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Tooway Installation - about to install two systems

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Sean_Williams
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Jul 18th, 2008 at 11:34am  
Hello The Forum
a couple of us are about to self-install having gained the necessary confidence after reading the posts by Cambrian - thanks Tony for your information and advice so far ;O)

In fact, our two locations are only a few miles from Cambrian in West Wales so there's going to be quite a 'cluster'!

At this stage, I have one seemingly important question to ask: Bentley Walker say the cables between modem and dish have to be 30m long, but they couldn't tell me why. However, Cambrian says it's so the modem doesn't fry the TRIA.
Is this really the case - it seems a little odd (I say this, knowing almost nothing about two-way satellite installations!) ?
If it is correct, would I be right in making these two assumptions:
1. As we are not under the main beam of the transponders here in Wales, this length could be reduced

2. It's only the TX side that could be fried, so it would be OK to have the TX cable at (say) 30m, but the RX cable as short as possible to facilitate the maximum downstream signal strength. (we're using 2 x single WF100 cables as it was half the price)

Or have I got this all rear-about-face?

TIA
Regards
Sean
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Eric Johnston
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Reply #1 - Jul 18th, 2008 at 12:24pm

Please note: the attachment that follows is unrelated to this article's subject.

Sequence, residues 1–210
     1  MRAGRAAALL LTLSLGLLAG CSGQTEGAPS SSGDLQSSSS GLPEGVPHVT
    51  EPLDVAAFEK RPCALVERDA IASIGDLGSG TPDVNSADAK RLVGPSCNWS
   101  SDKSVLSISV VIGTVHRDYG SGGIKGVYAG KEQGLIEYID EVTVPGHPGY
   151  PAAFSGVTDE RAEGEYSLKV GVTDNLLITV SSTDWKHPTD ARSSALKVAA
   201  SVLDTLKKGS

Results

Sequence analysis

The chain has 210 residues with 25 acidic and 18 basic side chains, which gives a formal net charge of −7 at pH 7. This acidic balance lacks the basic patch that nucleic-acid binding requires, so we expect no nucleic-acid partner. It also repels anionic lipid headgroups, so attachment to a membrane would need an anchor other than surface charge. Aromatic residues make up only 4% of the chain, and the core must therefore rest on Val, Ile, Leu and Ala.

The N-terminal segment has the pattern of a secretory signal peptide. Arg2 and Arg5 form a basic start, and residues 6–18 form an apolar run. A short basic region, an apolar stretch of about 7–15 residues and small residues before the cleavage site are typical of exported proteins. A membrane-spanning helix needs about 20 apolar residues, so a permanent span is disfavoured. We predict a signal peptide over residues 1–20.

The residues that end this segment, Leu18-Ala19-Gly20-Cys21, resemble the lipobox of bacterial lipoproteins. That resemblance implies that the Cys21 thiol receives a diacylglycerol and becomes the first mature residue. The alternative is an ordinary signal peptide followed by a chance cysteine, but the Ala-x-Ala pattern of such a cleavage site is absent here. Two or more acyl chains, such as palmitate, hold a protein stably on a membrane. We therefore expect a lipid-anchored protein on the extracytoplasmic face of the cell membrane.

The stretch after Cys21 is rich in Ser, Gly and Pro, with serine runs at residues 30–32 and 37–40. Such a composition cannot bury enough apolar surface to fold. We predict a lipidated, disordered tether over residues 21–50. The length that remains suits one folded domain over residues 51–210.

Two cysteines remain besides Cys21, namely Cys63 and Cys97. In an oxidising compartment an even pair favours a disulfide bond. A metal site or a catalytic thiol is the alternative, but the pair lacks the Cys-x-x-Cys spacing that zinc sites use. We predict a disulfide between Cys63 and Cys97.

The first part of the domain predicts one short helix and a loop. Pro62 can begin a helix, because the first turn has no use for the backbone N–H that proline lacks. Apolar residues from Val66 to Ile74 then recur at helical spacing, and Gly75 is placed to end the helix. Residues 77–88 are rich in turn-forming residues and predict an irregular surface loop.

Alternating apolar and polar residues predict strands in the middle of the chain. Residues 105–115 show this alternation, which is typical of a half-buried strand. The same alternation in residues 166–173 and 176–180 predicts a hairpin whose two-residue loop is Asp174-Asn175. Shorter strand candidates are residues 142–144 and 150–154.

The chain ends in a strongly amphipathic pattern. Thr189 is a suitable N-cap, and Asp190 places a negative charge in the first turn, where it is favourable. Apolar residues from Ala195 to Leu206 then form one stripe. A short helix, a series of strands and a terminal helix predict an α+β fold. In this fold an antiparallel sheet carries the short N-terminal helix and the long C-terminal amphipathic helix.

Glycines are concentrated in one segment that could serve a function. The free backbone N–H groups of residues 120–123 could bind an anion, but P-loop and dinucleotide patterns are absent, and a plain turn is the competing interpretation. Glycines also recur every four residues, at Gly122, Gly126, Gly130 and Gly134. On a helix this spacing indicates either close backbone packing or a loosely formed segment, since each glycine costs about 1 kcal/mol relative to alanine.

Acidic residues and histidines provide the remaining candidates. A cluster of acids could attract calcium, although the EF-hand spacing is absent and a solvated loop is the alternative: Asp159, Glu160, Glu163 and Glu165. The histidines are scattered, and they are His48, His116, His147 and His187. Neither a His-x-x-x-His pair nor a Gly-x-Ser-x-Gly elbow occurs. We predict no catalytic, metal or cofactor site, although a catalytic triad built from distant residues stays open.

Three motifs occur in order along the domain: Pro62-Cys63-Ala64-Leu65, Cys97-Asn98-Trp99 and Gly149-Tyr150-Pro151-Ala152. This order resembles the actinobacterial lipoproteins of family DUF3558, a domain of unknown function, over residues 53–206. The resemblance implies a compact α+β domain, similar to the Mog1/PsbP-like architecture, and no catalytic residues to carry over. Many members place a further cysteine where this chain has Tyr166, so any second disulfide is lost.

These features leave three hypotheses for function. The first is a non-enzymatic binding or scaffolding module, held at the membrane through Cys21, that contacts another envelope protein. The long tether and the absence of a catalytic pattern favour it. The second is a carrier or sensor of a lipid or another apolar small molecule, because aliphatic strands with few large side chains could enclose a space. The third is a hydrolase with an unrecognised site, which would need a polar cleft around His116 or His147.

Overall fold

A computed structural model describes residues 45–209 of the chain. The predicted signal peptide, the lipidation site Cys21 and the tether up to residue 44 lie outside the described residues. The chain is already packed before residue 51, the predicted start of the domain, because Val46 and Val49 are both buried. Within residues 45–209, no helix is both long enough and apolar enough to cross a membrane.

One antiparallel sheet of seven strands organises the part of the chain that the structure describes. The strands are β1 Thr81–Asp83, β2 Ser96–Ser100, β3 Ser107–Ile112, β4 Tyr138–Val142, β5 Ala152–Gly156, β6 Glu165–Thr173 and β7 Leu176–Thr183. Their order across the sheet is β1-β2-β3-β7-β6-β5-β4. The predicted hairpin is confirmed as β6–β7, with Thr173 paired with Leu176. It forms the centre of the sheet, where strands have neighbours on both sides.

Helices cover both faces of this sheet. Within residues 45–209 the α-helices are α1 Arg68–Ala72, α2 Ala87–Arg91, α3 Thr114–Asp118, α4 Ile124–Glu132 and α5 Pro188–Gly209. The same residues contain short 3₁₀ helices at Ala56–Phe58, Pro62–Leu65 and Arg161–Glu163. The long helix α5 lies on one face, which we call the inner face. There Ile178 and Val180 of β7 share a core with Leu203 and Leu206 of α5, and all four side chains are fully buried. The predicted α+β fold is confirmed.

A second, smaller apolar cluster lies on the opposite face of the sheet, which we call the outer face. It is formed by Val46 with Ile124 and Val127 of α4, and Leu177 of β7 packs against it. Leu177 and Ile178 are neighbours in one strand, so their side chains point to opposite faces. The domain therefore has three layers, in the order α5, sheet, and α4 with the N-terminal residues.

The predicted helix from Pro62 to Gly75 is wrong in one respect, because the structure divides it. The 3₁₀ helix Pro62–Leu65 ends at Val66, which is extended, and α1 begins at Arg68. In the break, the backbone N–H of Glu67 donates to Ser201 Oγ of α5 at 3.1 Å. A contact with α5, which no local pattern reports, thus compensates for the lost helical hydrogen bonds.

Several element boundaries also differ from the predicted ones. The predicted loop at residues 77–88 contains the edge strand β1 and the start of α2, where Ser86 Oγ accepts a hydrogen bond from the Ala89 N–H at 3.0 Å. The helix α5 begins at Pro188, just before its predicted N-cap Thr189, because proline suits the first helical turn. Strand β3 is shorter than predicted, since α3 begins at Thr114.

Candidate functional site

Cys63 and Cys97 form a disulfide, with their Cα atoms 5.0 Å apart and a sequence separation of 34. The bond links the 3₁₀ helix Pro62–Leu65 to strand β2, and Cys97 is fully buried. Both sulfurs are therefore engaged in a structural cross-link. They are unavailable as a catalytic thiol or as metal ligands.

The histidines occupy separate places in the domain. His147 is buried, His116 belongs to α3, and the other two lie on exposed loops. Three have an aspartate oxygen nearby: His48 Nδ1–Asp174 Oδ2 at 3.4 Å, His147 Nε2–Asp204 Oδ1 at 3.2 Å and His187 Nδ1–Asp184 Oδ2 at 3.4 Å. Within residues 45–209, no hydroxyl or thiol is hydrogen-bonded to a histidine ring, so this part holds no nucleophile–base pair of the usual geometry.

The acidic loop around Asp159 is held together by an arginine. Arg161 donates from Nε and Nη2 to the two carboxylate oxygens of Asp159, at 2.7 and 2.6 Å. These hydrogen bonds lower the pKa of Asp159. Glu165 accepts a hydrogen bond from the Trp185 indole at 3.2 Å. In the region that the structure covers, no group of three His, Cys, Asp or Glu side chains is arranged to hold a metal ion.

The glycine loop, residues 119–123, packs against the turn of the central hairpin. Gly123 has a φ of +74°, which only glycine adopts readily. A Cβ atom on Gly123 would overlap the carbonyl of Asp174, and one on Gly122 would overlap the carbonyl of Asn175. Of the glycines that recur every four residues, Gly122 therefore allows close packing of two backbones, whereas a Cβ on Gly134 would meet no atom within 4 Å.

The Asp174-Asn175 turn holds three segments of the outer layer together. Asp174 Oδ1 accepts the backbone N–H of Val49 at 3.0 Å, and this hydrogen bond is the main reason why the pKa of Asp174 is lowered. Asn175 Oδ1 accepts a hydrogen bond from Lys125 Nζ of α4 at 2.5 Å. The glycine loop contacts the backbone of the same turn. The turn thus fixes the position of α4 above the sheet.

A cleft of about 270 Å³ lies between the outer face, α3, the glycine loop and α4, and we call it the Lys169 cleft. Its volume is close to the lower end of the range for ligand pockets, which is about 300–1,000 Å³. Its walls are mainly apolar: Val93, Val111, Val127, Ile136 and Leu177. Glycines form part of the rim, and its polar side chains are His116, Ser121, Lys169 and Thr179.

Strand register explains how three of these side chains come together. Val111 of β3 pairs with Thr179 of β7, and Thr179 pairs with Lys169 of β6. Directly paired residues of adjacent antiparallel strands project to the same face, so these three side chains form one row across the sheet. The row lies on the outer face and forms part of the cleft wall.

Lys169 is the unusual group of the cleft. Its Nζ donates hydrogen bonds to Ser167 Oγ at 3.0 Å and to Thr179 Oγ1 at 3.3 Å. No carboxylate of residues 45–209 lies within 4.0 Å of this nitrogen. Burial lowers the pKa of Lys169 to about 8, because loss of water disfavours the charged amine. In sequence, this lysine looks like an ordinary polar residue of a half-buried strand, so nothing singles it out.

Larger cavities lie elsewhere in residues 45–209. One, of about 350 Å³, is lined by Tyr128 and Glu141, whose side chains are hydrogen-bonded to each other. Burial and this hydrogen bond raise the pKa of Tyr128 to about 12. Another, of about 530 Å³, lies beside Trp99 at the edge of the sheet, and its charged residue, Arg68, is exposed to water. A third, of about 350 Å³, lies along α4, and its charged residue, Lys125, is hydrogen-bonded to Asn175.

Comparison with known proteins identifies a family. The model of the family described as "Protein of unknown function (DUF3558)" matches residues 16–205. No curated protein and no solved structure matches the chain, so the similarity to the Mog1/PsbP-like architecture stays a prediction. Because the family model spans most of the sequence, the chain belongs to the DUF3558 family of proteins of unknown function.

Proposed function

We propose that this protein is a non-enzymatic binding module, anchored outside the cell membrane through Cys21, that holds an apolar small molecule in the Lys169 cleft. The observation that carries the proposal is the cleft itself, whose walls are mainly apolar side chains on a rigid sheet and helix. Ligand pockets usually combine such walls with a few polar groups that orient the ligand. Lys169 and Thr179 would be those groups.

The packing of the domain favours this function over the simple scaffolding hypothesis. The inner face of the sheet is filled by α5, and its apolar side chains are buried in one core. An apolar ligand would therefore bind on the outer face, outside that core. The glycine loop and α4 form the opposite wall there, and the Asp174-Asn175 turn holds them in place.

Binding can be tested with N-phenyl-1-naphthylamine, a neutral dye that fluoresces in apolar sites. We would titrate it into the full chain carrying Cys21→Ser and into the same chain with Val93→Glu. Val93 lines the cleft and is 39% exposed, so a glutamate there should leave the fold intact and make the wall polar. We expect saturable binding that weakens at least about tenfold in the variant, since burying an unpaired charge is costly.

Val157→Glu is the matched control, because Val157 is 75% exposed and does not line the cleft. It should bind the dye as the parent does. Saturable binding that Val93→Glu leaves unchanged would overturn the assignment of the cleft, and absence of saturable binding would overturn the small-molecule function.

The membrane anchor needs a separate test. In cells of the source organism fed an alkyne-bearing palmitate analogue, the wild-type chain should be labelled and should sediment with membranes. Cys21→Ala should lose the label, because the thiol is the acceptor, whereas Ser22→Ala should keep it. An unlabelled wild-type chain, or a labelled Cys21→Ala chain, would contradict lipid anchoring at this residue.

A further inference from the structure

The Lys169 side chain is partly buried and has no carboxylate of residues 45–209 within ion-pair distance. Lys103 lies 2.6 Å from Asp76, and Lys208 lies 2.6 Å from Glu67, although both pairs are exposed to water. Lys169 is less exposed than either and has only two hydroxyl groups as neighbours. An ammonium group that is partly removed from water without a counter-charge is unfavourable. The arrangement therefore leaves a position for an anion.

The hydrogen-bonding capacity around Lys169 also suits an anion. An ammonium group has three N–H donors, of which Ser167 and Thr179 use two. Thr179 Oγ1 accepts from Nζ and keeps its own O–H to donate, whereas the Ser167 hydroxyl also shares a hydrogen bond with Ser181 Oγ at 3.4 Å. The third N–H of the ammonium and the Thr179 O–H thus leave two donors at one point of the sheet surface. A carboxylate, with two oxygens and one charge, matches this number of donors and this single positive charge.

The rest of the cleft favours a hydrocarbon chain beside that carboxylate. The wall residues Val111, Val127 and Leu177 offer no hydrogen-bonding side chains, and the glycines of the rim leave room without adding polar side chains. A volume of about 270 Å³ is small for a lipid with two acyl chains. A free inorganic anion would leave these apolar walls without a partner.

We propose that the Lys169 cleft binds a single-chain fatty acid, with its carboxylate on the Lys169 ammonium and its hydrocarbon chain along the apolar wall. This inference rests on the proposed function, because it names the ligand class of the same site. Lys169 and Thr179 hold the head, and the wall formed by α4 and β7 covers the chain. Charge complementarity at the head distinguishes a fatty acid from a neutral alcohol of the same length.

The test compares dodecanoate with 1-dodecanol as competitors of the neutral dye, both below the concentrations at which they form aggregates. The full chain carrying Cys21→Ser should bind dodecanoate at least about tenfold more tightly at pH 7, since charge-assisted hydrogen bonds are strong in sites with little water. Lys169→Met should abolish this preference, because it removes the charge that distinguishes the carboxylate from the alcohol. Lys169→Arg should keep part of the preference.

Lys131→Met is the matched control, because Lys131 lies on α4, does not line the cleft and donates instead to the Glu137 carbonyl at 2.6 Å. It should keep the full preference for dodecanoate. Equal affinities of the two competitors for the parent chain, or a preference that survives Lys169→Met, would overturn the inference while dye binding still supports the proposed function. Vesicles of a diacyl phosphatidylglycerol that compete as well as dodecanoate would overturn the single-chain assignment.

Regarding cables, I would do what BW say or discuss with them.

If the cables are pre-terminated, keeping them at their full length avoids you having to remake the terminations.    Making good F connections is a skilled job.  It looks easy but the fact is that most in service VSAT faults are due to poor F connector workmanship.   A special tool is needed if top quality axial crimp type F connectors are used.

On the receive side, the length of the cable, unless extremely long, will make negligible difference to the signal to noise ratio.  Longer cables cause more attenuation but this reduces both the wanted signal and the noise level simultaneously.  It is only with extremely long cables, in excess of 30m, that a reduction in signal to noise ratio may be detectable.

I don't know if Tooway is sensitive to short receive cables.
...
These are the TooWay cables provided by El Molino in Spain.

On the transmit site the transmit signal level into the BUC/TRIA is really critical.   If BW say to leave the cable length at 30m then do this.  The modem is pre-programmed before delivery with a range of transmit power levels and frequencies to explore automatically and these will have been set assuming a specified transmit cable loss.   In service, the modem output level needs to be set to match the transmit bit rate, the uplink propagation loss (varies dynamically with the weather) distance to satellite and uplink beam contour.  

The modem output level must not be allowed to overdrive the BUC as that may damage the power amplifier transistors and cause interference to adjacent uplink carriers from other sites.

Using a short tx cable could overdrive and damage the BUC part of the TRIA.

Regarding choise of cable type note that the transmit cable has a much higher DC power current compared with an LNB and the DC resistance of the centre wire and sheath matter.  In particular steel cored, copper plated, centre conductors are not suitable.